Van Antwerp achieves deep-tissue results with light and medium touch by embracing a slower, more deliberate massage tempo.

“Give the body time to respond to your touch and pressure,” she advises. “Giving a good massage is like composing a piece of music: Pauses sometimes can be just as powerful as the notes being played. Pausing and holding your pressure from time to time instead of constantly staying in motion gives the brain time to respond to the muscle that’s in distress.”

In other words, you can alleviate pain by manipulating muscles not just physically, but also physiologically—i.e., stimulating the nervous system in order to regulate muscle contraction from within.

“Instead of going in from the outside and trying to force the muscle fibers apart to get a tense muscle to release, I’m trying to trick the body into letting go of the muscle on its own,” Van Antwerp continues. “Basically, a contracted muscle is a muscle that’s not really moving. To get movement into a place that’s not moving, I’m a particular fan of vibration. Instead of gliding across the surface of the skin, I plant the heel of my hand or my fingers in a spot, and then do some sort of subtle vibration to gently tease the muscle fibers apart rather than forcing them.”

Schmidt uses myofascial release to the same effect. “Using myofascial techniques that are very gentle can retrain the nervous system to relax tension in an area so you don’t have to work as hard to get as deep,” she says, likening the body’s tissues to an onion. “If you work gradually with increasing pressure, you can peel off tension layer by layer, melting superficial or surface layers in order to access deeper layers without using excessive force.”

Positional release can similarly “melt” superficial muscles. “There are positions that will automatically release muscle tension by passively shortening the muscles,” Schmidt says. “Placing the body in a certain posture relaxes the muscle so you don’t have to work so deep, which is easier for your hands and re-educates the nervous system to release tension and ease pain.”

3. Take a hands-off approach.

Perhaps the best way to avoid injuring the hands during deep-tissue massage is to circumvent them entirely, sug- gests New York-based massage therapist Dr. Shari Auth, LMT, co-founder at wellness startup WTHN. Because she was worried about hand health and career longevity, she created her own method of massage that utilizes the forearms instead of the hands.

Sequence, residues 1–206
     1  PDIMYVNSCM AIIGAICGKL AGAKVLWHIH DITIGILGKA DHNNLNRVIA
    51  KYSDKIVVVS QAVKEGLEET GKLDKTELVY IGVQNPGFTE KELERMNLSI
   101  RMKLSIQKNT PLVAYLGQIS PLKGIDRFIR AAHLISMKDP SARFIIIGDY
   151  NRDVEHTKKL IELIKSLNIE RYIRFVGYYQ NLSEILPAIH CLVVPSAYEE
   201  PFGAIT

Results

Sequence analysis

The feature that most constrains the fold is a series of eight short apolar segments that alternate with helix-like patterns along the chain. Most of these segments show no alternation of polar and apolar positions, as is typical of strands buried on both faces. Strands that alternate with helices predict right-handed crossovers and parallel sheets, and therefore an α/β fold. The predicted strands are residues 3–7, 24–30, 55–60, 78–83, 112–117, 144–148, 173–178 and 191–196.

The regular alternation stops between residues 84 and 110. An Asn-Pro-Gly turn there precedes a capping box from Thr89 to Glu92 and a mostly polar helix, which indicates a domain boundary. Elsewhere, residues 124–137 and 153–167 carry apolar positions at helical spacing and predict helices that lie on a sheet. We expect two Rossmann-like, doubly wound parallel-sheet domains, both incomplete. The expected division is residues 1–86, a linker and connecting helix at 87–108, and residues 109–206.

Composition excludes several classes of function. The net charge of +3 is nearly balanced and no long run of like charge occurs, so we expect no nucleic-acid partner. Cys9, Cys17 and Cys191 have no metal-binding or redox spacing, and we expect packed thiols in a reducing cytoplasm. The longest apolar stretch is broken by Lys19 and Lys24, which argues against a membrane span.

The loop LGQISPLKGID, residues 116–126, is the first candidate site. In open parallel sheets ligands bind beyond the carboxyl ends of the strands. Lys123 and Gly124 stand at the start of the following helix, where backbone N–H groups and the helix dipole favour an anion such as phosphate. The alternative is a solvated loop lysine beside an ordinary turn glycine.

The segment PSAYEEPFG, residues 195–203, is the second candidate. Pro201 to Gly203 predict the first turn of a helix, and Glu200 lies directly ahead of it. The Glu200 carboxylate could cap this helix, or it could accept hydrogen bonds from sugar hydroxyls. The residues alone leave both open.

“The forearms are a more durable massage tool than your fingers and thumbs. And because they offer a wider surface area of contact, you can work more of your client in less time,” explains Auth, who uses the upper-third of her forearms to work clients’ backs, hips, legs, arms and even feet. “I reserve my hands for working on their hands, head and face. That’s it.”

Schmidt and Cope also use forearms, along with knuckles and elbows. “You’ve got to get away from your hands and thumbs and use your whole body as a tool,” advises Cope, who says massage therapists can deliver more force with less effort by using a smaller surface area—the bony part of the forearm, for example, instead of the palm of the hand. “The muscles and joints in your hand are tiny; you need to come from bigger, stronger places when you’re doing deep-tissue massage.”

4. Practice hand self-care.

Irrespective of massage depth, basic hand hygiene can help massage therapists avoid injury and maintain dexterity. Especially important, therapists agree, are:

    • Stretching: Cummings, who plays the drums, uses drumsticks to stretch her hands. Take a drumstick, she advises—a long spoon or strong ruler also work—and hold it in one hand; with the other hand, grasp the drumstick and rotate it gently in both directions to stretch the hand holding the stick, being careful not to overextend the wrist.
    • Heat: Although ice relieves short-term pain, heat promotes circulation and healing, according to Cope, who recommends soaking both hands in hot water and Epsom salt at the end of a long day. Cummings, meanwhile, uses a paraffin bath machine to bathe her hands in hot wax.
    • Rest: To protect your hands, schedule fewer clients and allow breaks in between them, Cummings says. Furthermore, consider how you pace your day, Cohen advises. For example, if you’re giving a deep-tissue massage to a muscular athlete whose bulk will fatigue you, allow a longer rest period for yourself after the treatment.

Deep work may be risky, but it also can be rewarding. To ensure that it helps your career instead of hurts it, remember this: To be a good massage therapist, you must listen to your clients’ bodies; to be a successful one, you must also listen to your own.

“If you overwork yourself,” Schmidt concludes, “you’re going to get bent out of shape—literally.”


1. Majchrzycki M, Kocur P, Kotwicki T. "Deep tissue massage and nonsteroidal anti-inflammatory drugs for low back pain: a prospective randomized trial." The Scientific World Journal. 2014.

2. Skillgate E, Pico-Espinosa OJ, Côté P, et al. "Effectiveness of
deep tissue massage therapy, and supervised strengthening and stretching exercises for subacute or persistent disabling neck pain." Musculoskeletal Science & Practice. 2019.

3. Kaye AD, Kaye AJ, Swinford J, et al. "The effect of deep-tissue massage therapy on blood pressure and heart rate." Journal of Alternative and Complementary Medicine. 2008.